American silent motion-picture actor Tom Mix, who is among the most popular cowboy stars of all times, stopped in Havana in the mid-1920s.
American silent motion-picture actor Tom Mix, who is among the most popular cowboy stars of all times, stopped in Havana in the mid-1920s. The National Hotel, the hallmark institution of Cuban hotels, includes Tom Mix among its distinguished guests, but this hotel was not inaugurated until the 1930s. Of course, Tom Mix may have visited the Island a second time and then stayed in the National Hotel.
What is a fact is his photograph (wearing the typical wide-brimmed hat and the handkerchief tied around his neck) that appeared on the cover of Havana’s Carteles magazine dated September 20, 1925, which reads:
“It is indisputable that this time our cover has a family resemblance... Tom Mix is on it, with his blonde wife and his little daughter Tomasina, the way they were photographed after returning from Europe where they recently had a long trip.”
Nothing else can this writer confirm about that forgotten visit, unless I regrettably speculate about the facts. But beyond the concise note in Carteles, Tom Mix remains in the memory of those who admired his extraordinary skills as a horseman. Those skills opened the doors of cinema for him and allowed him to be part of the history of the film industry, as he is considered the first western motion picture megastar.
However, it can be said that “he returned” to Cuba when in 1991 the film My Dear Tom Mix was awarded the Coral Prize at the Havana Festival of New Latin American Cinema. For many it was like meeting again with the mythical figure; for others it was like rediscovering someone who was the idol of our great-grandparents.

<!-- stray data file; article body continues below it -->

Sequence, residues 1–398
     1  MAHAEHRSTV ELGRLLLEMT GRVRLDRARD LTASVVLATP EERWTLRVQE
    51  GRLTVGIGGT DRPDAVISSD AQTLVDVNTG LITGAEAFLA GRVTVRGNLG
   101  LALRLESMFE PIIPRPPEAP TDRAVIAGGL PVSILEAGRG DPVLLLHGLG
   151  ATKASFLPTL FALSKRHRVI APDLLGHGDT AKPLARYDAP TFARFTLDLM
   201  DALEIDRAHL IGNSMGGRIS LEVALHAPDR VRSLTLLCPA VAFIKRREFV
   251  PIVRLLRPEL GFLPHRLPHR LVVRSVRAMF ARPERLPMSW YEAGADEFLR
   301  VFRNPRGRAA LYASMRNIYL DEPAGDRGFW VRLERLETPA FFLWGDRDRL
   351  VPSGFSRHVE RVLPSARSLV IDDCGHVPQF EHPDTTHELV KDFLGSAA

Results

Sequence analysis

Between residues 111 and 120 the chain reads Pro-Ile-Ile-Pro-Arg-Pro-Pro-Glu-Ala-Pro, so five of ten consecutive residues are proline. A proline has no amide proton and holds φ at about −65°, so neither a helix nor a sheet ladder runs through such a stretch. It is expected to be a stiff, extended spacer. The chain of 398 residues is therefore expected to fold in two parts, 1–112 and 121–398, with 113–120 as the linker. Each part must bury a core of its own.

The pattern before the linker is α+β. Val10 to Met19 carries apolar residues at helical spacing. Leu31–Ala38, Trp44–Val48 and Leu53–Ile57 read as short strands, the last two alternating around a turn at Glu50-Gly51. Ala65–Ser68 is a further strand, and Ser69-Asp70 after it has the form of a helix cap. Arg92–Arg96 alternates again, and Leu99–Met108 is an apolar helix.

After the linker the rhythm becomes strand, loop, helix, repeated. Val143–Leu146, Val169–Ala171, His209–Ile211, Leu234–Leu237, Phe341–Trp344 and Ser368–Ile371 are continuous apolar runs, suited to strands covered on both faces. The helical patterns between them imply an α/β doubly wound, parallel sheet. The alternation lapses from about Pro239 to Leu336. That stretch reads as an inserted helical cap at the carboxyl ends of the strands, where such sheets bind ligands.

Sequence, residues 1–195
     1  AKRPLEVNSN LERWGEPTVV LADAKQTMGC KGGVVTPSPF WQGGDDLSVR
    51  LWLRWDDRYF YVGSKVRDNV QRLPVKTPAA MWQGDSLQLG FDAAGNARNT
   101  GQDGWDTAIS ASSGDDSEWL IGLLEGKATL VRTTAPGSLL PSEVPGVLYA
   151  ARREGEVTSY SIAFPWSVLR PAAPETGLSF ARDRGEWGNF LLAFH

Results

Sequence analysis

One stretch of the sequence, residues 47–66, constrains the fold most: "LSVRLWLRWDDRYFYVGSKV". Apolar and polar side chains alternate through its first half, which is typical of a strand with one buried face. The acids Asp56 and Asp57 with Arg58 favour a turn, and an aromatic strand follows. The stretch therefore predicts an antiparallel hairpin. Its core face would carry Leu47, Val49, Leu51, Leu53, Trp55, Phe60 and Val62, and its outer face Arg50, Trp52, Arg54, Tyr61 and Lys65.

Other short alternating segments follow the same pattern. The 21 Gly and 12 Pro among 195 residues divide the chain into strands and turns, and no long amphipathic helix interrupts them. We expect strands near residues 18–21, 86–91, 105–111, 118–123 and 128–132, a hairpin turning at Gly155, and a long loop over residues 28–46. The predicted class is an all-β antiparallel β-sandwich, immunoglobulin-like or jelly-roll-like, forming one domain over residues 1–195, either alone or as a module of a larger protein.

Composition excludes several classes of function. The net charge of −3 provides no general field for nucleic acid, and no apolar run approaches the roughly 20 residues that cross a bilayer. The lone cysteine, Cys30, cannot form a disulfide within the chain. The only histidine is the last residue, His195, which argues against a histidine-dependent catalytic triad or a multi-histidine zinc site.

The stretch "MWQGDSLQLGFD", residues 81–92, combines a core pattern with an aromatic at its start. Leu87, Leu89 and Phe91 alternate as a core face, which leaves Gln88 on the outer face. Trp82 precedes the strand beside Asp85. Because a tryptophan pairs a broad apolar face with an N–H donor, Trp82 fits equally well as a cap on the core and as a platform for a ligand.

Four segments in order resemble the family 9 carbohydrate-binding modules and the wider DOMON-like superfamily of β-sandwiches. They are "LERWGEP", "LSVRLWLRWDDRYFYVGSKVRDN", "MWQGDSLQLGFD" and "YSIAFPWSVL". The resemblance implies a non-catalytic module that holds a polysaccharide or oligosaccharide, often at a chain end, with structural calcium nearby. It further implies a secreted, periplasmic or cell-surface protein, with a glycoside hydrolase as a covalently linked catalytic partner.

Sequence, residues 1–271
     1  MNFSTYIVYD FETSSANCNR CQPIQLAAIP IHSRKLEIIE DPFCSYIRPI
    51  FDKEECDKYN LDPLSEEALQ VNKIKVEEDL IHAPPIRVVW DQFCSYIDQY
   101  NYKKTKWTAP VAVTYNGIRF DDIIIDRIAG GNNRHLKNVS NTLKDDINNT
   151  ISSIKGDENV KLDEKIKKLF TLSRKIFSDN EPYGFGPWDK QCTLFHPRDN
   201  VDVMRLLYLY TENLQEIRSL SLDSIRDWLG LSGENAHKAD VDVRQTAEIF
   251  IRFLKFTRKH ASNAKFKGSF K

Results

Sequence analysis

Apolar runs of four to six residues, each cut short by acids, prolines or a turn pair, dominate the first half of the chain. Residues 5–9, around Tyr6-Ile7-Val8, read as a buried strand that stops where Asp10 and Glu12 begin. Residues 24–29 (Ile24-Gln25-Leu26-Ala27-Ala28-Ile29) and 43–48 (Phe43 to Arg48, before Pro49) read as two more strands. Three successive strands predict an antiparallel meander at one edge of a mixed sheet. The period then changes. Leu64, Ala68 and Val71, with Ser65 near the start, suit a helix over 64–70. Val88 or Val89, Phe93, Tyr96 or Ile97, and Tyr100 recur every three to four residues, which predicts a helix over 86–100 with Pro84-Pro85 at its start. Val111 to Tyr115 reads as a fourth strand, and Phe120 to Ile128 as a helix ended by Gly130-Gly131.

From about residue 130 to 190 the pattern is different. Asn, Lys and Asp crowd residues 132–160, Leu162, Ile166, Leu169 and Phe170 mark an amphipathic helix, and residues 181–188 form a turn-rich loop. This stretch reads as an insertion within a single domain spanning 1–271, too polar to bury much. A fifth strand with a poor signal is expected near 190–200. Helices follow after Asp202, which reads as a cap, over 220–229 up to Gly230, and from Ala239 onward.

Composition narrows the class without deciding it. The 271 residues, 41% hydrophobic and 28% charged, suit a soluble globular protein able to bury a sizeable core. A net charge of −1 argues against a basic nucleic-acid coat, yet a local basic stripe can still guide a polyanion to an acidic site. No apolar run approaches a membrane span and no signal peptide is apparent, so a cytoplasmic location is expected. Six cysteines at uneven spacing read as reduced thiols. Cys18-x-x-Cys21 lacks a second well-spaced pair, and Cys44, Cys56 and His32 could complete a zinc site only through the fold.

BEFORE BELMONDO DID IT…
As regards the actor, he never let stuntmen double for him in the dangerous stunts he executed. That is why he was injured many times. In this, he anticipated another bold movie star who always did his own stunts and gained deserved fame: Frenchman Jean Paul Belmondo.
Tom Mix was born in January, 1880. He learned to ride on horseback while working on a farm. He also worked in the circus, joined the army and finally made it to cinema. He performed in more than 300 movies (some of them talkies) during a 25-year career between 1910 and 1935. He was an excellent horseman and marksman – in 1909 he won the First National Riding and Rodeo Championship. Both skills were enough for him to triumph, at least at the beginning, when action prevailed in films and the plot was quite simple, with an easily predictable end.
In Tom Mix the true individual and the film character overlap, that is to say, they unite, because photographs invariably depict him with his wide-brimmed hat, even when he was far from the set and the stage had nothing to do with cinema. A curious piece of information is that in January 1929, he was among the coffin bearers of Wyatt Earp, one of the most famous and bravest sheriffs in the American West, whose work has inspired many westerns.
Millions of children and adolescents grew up and dreamed watching Tom Mix movies. He charged “skyrocketing” wages for the time, which allowed him to build a ranch resembling a city of the west.
He also worked for the circus and in the 1930s was still popular. The actor died in a traffic accident in 1940, at the age of 60. It is fitting that he has a star in the Hollywood Walk of Fame. Likewise, there is also a museum bearing his name. The main thing: his films, even after so many years, preserve the charm of the time and reveal the boldness (without stuntmen, I repeat) of their main character.
Translated by Roberto Espí Valero
Revised by Susana Hurlich